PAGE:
NOTE: I first published this list two years ago. It was one of the first pieces I wrote that went viral — both here and at The Huffington Post — where I also write.
Since we are just at the beginning of our FREE webinar series, “Requiting Your Dreams,” I thought it would be super-helpful to repost. If you’re curious about the series, you can register here. (We’re recording everything, so no worries if you can’t be there live.)
Women who have unrequited dreams make these mistakes:
1. They are not consistent in their efforts to make changes.
2. They start out too Gung Ho and that pace is not sustainable
3. They doubt themselves when they hit the first roadblock
4. They allow other people’s lack of vision to make them doubt their own.
5. They are unclear about what they really want
6. They don’t know themselves
7. They are not used to investing in themselves.
8. They feel they need permission
9. They do not reach out for support
10. They think they can go it alone
11. They do not take care of themselves
12. They mean to do something for themselves, but if a challenge comes, at the last minute, they will not follow through with their commitment to themselves because they would rather avoid the risk, feel overwhelmed, want to please other people
13. They tell themselves they are happy enough, that the happiness of the people they love is enough for them
14. They don’t know what it really costs to get the help they need and they are so used to “getting by” with meager, ineffective support, they have sticker shock when they finally meet someone who can help.
15. They don’t see a Return on Investment (ROI) between investing in themselves and the improved way they show up in the world.
16. They think they are “less than”
17. They unfairly compare themselves to others.
18. They compare their insides to other people’s outsides.
19. They give up too easily
20. They pretend like their own dreams don’t matter because, if they didn’t, they’d have to deal with the anger they have with themselves and others for their own self-neglect.
21. They allow others to walk all over them
22. They have unhealed losses
23. They think they should be over old hurts by now, but, because they are not, they keep their sadness a secret thus risking embitterment
24. They are still angry about stuff that happened way, way, way in the past
25. They have people they have not forgiven
26. They have not forgiven themselves
27. They sometimes pretend that their relationships are better than they are.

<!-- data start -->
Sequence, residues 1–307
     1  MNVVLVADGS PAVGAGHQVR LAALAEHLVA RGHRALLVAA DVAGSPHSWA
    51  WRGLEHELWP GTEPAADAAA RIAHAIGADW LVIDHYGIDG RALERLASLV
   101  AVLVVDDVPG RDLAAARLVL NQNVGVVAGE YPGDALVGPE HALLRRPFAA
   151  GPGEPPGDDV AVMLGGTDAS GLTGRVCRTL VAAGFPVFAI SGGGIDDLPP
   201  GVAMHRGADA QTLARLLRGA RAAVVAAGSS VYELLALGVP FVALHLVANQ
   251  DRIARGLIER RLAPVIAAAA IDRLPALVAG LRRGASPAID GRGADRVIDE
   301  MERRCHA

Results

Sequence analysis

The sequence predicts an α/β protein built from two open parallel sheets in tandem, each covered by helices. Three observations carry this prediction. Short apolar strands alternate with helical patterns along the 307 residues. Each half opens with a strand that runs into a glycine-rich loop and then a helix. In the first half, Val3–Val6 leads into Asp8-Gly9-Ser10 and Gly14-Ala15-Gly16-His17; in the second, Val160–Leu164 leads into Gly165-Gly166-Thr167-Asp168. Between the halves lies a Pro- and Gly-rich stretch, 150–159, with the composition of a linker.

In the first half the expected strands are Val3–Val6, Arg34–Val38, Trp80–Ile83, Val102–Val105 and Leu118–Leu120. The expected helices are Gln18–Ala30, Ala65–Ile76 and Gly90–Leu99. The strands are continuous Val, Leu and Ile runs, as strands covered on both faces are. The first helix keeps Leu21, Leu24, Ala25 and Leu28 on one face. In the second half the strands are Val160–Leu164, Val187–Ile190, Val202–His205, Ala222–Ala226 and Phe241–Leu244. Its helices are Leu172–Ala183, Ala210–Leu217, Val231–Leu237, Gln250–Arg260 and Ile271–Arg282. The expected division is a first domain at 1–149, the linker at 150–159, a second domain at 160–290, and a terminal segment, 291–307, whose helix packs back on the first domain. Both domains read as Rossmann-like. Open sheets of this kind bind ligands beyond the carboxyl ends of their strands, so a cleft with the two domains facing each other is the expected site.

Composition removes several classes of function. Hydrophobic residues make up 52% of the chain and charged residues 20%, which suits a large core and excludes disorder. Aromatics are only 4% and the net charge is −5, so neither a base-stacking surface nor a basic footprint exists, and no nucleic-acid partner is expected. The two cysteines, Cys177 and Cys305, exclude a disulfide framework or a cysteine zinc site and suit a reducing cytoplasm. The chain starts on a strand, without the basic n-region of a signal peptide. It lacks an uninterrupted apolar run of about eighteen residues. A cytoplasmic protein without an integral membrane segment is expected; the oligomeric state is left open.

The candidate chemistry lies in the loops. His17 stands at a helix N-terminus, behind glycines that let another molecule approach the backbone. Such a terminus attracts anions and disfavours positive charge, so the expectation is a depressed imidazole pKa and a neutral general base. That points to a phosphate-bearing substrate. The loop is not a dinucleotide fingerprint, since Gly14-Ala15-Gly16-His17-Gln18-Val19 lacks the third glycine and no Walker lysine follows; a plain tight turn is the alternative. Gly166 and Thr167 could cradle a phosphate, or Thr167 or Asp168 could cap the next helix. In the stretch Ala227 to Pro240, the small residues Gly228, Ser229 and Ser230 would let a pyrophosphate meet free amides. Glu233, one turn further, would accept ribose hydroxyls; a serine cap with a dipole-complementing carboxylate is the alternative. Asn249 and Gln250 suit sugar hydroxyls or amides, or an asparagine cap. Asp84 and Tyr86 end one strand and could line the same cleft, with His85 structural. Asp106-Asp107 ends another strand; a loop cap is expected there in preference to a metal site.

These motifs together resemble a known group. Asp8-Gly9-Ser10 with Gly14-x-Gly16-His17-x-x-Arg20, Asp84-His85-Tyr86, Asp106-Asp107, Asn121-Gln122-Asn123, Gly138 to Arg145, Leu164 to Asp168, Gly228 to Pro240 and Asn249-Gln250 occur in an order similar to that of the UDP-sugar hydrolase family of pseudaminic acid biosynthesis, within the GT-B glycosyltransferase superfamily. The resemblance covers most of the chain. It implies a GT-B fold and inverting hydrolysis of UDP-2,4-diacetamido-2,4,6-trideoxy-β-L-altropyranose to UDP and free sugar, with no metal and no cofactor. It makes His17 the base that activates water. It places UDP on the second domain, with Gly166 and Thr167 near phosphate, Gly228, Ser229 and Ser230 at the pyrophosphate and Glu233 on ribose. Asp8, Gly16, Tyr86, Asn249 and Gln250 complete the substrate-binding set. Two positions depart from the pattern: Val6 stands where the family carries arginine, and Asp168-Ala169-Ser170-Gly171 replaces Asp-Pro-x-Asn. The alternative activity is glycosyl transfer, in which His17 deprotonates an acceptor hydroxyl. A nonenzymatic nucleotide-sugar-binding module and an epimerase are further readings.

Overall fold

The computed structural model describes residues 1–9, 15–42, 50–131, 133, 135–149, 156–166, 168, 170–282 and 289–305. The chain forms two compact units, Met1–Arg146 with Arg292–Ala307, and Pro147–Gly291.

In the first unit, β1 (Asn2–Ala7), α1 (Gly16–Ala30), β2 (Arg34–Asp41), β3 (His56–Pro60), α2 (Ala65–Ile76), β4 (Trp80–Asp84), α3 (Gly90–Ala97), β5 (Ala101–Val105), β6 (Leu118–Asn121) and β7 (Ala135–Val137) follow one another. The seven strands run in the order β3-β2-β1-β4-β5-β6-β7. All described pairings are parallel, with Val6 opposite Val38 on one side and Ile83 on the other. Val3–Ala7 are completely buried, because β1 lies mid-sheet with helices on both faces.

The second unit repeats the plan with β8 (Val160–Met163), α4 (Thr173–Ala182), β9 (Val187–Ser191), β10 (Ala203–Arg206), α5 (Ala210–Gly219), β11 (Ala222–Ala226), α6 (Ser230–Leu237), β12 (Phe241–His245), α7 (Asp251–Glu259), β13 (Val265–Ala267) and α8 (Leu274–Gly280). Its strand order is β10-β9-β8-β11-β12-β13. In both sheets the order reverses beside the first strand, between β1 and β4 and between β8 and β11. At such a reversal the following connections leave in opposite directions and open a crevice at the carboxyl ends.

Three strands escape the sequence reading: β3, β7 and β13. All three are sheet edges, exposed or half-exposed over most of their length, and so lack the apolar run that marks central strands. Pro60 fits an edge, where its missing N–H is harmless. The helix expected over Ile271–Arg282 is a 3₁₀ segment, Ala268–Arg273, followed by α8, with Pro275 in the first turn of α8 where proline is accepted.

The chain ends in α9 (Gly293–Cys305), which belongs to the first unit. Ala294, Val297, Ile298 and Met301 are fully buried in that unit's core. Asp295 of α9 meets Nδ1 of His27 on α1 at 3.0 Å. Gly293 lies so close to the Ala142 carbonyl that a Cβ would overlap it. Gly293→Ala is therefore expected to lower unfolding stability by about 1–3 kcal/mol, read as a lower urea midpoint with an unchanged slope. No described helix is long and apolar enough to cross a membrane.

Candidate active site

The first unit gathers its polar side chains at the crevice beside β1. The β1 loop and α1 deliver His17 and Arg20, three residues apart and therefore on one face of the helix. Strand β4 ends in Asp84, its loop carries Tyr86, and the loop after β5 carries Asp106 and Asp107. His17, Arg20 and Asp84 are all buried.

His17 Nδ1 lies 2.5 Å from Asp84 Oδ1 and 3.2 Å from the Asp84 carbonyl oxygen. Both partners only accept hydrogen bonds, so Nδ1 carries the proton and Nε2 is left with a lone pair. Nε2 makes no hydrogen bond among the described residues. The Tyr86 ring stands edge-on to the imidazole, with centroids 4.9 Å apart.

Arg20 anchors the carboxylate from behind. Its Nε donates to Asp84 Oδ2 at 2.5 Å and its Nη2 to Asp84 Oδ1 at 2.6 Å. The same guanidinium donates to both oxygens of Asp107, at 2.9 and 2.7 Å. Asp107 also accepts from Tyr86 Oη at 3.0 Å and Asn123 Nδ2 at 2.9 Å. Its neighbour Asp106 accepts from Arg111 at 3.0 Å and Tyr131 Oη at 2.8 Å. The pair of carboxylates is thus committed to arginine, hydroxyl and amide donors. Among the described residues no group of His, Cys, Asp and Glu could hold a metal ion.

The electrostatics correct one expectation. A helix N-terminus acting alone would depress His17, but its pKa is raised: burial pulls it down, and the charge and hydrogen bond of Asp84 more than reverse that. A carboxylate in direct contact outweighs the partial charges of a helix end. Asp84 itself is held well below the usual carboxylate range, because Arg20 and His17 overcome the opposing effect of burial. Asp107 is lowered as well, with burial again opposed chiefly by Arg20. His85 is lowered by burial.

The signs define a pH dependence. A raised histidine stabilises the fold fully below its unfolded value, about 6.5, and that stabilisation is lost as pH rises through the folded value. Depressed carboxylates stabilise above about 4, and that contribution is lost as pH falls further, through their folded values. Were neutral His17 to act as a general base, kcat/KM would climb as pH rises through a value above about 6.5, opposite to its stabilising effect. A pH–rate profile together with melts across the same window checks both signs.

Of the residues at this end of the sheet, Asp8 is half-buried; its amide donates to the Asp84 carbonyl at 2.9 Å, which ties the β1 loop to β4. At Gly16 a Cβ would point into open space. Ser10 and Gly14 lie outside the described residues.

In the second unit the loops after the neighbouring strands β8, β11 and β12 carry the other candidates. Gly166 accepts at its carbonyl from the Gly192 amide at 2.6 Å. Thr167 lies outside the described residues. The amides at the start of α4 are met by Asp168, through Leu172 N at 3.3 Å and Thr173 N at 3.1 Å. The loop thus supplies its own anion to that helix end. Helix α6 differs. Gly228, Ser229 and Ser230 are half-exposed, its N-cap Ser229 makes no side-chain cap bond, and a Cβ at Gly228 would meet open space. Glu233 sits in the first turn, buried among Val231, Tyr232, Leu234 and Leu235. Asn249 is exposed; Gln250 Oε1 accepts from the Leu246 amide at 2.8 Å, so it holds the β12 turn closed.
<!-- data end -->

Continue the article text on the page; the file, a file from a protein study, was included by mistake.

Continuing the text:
28. They smile even when they don’t mean it. A LOT! (click to tweet)
29. They have been Superwoman for so long, they fear things will really fall apart if they stop since their lives are held together with a wing and a prayer. Plus, there is that f_cking false smiling problem!
30. They have trouble minding their own business, especially with respect to the lives of those closest to them.
31. They spend more time talking about the lives of others than their own.
32. They bristle at the suggestion that what their (nearly) grown children do or don’t do is none of their business. (This might be you if — right now — you are REALLY pissed at me for suggesting such a thing.)
33. They believe it is less painful to focus on the lives of others than their own lives.
34. They sometimes gossip and talk about others to make themselves feel powerful and “with it” in the eyes of others.
35. They don’t remember to love themselves first.
36. They are masters at delayed gratification. Indeed, they wear their self-neglect like a Girl Scout bade for martyrdom, not realizing this is nothing to be too proud of.
37. They enjoy being the person in the group with the least needs
38. They are much better at giving than receiving. They are uncomfortable asking for help.
39. However, when someone else needs help, they are first in line with a casserole, favor, offer of help.
40. They are overly involved in their children’s school lives and friendships. They have trouble allowing their children to “age up” into greater levels of autonomy.
41. They often rescue their children or other family members.
42. When it comes to helping others, they believe that “if they don’t do it, no one else will.”
43. They have difficulty allowing people they care about suffer the consequences of their own choices or non-choices. Because of this, they unwittingly keep others weak and in a perpetual cycle of failure/need for rescue.
44. They sometimes have trouble with money and debt, and yet, they do not feel like their own needs have been met in spite of spending so much money.
45. They wonder why they don’t have more to show for the choices and sacrifices they’ve made in their lives.
Did I miss any? Let me know your favorites below. And don’t worry, we’re gonna work on this list together.
photo: flickr, bigbirdz
P.S. Here’s that link again: Requiting Your Dreams.